Later today I will be traveling to Salem to propose a significant tax break to small Oregon businesses.
Governor Brown has called a Special Legislative Session, beginning on May 21. Since 2010 when annual legislative sessions were approved in Oregon, the need for frequent special sessions has declined significantly. In my five years serving you in Salem, this is only the second time a special session has been held.
The stated purpose of the gathering is to expand and clarify benefits to small businesses. Since the announcement, I’ve been working with House and Senate members to try and include our seasonal businesses like fishing, farming, and tourism. And I’ve been working tirelessly to help companies that hire part-time employees, seniors, students, and parents. More about that in a moment. First, some background.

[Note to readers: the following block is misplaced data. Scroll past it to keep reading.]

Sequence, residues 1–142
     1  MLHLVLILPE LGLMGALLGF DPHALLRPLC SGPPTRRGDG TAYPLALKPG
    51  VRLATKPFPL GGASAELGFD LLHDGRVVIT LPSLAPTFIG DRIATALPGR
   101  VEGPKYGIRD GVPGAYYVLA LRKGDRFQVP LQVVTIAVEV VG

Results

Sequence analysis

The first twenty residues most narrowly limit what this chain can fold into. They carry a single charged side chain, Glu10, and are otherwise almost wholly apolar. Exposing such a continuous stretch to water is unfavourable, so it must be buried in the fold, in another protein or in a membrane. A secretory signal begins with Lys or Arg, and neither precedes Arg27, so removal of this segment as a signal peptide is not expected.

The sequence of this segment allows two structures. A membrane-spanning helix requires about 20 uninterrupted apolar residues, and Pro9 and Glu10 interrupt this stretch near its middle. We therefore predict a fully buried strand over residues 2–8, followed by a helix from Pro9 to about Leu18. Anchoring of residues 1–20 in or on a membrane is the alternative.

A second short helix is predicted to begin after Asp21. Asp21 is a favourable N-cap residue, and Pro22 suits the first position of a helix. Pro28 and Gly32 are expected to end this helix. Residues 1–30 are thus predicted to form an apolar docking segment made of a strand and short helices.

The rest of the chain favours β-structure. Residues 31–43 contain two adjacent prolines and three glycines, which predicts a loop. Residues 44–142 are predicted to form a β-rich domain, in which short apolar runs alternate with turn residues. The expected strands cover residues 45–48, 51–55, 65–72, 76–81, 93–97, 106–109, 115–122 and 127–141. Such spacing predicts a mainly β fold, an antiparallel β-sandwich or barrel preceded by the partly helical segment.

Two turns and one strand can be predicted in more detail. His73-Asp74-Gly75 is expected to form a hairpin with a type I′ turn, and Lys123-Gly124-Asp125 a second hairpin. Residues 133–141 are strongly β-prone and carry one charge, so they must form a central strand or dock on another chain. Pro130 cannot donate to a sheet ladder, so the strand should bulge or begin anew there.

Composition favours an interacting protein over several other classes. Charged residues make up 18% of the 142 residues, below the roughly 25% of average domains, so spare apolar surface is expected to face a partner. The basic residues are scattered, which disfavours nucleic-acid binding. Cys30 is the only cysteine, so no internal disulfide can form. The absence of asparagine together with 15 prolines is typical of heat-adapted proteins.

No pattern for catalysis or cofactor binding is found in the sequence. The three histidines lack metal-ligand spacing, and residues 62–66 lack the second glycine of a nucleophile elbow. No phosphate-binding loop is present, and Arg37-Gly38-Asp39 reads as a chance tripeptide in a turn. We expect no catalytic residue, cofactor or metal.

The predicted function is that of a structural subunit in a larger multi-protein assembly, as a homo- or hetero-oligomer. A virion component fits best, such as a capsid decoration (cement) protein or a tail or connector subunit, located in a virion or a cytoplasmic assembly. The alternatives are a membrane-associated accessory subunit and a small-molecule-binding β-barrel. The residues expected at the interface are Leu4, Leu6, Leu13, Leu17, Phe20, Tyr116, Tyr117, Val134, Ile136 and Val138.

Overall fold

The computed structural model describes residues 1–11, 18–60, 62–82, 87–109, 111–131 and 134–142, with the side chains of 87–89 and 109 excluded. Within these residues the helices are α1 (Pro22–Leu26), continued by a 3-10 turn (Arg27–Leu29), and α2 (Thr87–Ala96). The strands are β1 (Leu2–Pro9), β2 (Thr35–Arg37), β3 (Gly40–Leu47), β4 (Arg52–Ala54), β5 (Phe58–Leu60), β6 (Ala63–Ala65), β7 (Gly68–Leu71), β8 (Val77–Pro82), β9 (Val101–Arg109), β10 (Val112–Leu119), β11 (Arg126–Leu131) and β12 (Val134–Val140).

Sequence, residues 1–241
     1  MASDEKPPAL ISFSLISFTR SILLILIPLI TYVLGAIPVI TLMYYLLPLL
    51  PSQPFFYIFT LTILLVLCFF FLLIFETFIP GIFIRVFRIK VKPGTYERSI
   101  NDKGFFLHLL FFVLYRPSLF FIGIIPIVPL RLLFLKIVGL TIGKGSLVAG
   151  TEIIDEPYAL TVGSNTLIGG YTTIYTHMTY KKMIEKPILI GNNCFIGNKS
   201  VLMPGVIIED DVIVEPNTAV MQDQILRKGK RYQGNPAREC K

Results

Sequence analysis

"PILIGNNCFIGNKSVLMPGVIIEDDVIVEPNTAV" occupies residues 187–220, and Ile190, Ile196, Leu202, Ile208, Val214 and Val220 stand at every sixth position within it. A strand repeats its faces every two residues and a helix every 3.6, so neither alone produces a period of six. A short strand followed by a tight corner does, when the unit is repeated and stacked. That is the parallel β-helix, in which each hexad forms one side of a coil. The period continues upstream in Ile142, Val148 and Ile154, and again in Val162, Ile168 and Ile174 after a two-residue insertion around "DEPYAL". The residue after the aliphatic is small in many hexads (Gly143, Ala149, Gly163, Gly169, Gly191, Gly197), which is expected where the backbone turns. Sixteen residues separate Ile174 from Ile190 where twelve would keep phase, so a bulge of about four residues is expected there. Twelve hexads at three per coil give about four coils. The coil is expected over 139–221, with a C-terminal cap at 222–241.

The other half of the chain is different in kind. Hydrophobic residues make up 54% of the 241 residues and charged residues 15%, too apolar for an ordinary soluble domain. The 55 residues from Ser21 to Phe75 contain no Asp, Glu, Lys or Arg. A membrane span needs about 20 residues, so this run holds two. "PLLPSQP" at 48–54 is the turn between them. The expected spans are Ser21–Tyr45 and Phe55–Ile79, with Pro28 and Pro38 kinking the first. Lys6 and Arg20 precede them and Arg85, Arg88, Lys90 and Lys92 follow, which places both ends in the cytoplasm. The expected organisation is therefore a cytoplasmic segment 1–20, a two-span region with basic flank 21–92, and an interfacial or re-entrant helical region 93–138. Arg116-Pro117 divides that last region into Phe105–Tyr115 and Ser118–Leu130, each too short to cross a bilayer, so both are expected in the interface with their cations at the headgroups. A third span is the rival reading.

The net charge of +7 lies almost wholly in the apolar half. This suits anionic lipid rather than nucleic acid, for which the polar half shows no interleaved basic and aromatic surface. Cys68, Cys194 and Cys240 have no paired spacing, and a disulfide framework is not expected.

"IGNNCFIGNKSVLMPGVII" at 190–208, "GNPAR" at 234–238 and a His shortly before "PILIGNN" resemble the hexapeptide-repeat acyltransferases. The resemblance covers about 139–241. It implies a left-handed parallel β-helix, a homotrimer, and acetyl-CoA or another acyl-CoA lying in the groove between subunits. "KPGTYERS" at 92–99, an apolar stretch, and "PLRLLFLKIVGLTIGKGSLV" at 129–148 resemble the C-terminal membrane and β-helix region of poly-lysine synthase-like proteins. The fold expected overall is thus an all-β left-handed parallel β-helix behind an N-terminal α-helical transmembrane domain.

Large corporations enjoy a preferred tax rate. Owners of smaller firms pass their income through to their personal tax filings. So basically, small businesses pay a higher tax rate than large ones do. Small firms can pay 9.9% while large ones get 7%. I have a problem with that.
Larger businesses typically organize as C Corporations. In 2013, Oregon adopted a tax break for companies organized as S Corporations and Limited Liability Corporations (LLCs). Then, in 2017, the Federal government approved tax reforms that duplicated the break for those same small businesses. Because Oregon is one of a handful of states that automatically connects state taxes to federal tax changes, local firms would receive the benefit at both the Federal and state level. The 2018 legislature evaluated those changes and concluded that because Oregon firms already get the old break on their state taxes, they should not also get a second new state break (Senate Bill 1528).